LGBTQ+ Valentine’s Day Books

In middle school, my favorite genre of books to read was fiction, soaking up young adult fantasy novels such as Land of Stories or the classic Harry Potter series. As I matured, so did my exposure to literature. 

At the start of the new year, I made a resolution to read more books. As I began my reading journey, I found myself drawn to an addicting side of the app TikTok known by users as “booktok”: a community on the app for sharing book recommendations and reviews. Scrolling through a plethora of book-related videos, I was surprised to find that romance was a trending genre of reads. Eager to find some new novels, I delved into the various stories and complexities of the recommended romance books. I was hooked. 

This recent transfixion has inspired me to recommend some of my favorite books with great LGBTQ+ representation to read this Valentine’s season! I believe that LGBTQ+ representation is important because we are constantly consuming heteronormative literature and media while having a little clue to the love stories that exist within the LGBTQ+ community. For that reason, I hope to enlighten some readers to a few recommendations, though there are many more out there to explore!

Song of Achilles by Madeline Miller

Inspired by Greek mythology, this novel retells the tale of Achilles and Patroclus while adding a modern-day twist through its incorporation of gay representation. The novel expresses themes of family acceptance, fulfilling prophecies, and battling both enemies and hardships of love. It’s a shorter read, and a perfect way to get back into the feeling of love this month. With a mix of mythology, war, romance, and tragedy, Song of Achilles is one novel you don’t want to miss. 

Midnight Lie by Marie Rutkoski 

The Midnight Lie is a science fiction apocalyptic novel about learning to battle with our worst enemies: ourselves. Taking place in the “Ward”, an isolated island created during an apocalyptic disease outbreak, the novel’s protagonist Nirrimi, must battle the people, as well as the disease itself within her isolated area. Throughout the book, Nirrimi struggles to overcome the lies that others have told her as well as the ones she told herself. Working through the many struggles of friendships, family, loss, and deceit, Midnight Lie is a lesbian romance novel that combines the craziness of an apocalypse with the realness of love.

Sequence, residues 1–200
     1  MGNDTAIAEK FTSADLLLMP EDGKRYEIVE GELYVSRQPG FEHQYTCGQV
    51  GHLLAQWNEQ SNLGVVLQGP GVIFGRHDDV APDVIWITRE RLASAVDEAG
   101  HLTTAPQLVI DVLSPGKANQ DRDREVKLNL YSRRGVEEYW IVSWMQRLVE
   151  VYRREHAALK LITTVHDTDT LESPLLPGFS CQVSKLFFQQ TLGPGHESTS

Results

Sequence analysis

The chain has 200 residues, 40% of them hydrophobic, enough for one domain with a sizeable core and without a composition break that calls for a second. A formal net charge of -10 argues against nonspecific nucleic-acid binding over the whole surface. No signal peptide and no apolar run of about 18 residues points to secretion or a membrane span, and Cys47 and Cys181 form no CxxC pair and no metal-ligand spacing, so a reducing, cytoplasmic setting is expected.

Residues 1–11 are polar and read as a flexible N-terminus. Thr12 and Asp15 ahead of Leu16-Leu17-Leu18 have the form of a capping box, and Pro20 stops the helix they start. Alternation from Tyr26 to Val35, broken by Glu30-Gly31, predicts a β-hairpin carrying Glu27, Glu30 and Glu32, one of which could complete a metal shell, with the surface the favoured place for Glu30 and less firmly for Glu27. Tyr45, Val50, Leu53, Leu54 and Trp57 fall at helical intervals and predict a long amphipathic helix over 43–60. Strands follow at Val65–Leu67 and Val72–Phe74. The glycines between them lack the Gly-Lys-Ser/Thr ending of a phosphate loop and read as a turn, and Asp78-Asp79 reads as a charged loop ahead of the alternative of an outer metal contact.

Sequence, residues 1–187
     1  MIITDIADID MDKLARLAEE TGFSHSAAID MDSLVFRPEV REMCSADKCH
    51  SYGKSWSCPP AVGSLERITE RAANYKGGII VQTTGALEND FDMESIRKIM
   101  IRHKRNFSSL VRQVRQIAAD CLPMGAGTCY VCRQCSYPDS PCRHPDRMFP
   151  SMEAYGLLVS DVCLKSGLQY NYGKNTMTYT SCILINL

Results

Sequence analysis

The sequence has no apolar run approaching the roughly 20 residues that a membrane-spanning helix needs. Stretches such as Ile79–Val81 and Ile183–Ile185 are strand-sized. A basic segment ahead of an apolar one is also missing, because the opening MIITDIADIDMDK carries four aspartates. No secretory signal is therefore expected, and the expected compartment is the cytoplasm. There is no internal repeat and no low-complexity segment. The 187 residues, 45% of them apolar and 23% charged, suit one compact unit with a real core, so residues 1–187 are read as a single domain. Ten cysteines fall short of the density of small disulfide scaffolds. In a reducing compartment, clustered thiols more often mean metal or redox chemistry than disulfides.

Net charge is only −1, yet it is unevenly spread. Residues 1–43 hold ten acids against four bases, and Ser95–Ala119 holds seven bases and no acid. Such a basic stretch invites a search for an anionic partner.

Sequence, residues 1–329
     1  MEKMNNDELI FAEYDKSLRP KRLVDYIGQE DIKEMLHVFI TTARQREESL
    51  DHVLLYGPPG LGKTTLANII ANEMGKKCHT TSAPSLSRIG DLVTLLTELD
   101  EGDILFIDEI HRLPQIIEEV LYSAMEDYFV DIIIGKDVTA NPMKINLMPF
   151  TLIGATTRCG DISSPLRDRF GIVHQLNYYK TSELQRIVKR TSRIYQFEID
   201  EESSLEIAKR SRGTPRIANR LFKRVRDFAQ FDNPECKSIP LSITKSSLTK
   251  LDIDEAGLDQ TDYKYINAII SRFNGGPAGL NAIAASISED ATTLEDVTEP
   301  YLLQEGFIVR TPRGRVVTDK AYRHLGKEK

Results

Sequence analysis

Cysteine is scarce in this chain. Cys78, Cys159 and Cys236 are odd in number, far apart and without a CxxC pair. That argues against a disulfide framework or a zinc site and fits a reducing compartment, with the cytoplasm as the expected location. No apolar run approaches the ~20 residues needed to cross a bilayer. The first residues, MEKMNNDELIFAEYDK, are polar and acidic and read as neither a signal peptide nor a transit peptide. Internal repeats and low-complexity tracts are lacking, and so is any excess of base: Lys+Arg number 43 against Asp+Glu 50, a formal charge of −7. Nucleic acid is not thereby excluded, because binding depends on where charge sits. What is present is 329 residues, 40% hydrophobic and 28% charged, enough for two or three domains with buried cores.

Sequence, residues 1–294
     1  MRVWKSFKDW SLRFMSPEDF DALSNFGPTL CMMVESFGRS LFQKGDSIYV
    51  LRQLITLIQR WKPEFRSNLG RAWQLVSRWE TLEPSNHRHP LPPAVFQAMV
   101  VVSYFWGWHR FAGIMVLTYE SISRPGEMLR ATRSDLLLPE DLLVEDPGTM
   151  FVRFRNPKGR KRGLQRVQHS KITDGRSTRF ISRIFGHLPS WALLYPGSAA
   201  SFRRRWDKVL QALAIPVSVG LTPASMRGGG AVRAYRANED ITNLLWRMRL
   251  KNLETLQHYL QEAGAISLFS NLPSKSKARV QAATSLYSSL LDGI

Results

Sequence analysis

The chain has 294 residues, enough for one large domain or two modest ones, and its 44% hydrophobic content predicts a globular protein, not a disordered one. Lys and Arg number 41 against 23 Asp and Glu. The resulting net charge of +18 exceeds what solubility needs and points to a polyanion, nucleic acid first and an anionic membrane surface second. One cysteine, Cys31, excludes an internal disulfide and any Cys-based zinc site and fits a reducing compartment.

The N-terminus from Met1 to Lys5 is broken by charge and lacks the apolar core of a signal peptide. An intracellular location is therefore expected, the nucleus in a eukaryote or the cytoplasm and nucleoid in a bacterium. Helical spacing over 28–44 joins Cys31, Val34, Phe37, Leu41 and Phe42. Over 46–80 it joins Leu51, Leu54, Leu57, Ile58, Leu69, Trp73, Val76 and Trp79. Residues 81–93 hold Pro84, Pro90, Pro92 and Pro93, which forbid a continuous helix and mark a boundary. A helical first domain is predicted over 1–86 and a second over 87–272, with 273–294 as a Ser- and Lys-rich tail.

Red White and Royal Blue by Casey McQuiston

Mixing political drama, family, and self-acceptance, Red White and Royal Blue is a novel that covers all the bases when it comes to modern-day relationships. Author Casey McQuiston uses modern-day humor, the classic enemies to lovers trope, and topical issues such as the clash of American and European cultures in both the political and philosophical world to describe how the main characters, Alex Claremont-Diaz, the First Son of the United States, and Prince Henry, a British prince, come to understand one another and themselves. 

One Last Stop by Casey McQuiston

Another hit novel by Casey McQuiston, One Last Stop makes you fall in love with its characters and the bustling city of New York. As main character August works through her move to the big apple, she meets someone special on the Q train, who just so happens to be a displaced girl from the 1970s named Jane. As August works to put together the pieces of Jane’s past and discover her true identity, August also finds herself and a great community of friends. With its witty and modern humor, integration of science fiction, and sentimental moments, One Last Stop will have you turning every page with enthusiasm.

Cemetery Boys by Aiden Thomas

Cemetery Boys is a novel you dont want to miss out on — especially if you’re a fan of  murder mystery and romance. Yadriel, a trans-Latinx boy, battles proving himself as a man to his family by attempting to summon a murdered family member, only to accidentally summon the spirit of a teenage boy named Julien. Polar opposites, Yadriel and Julien work to bring Julien to the afterlife, while simultaneously searching for the murdered uncle of Yadriel that he tried to summon in the first place. Combining themes of family acceptance, Latinx culture, and supernatural elements, Cemetery Boys is a great young adult literary introduction to the complexity of gender and sexual identity.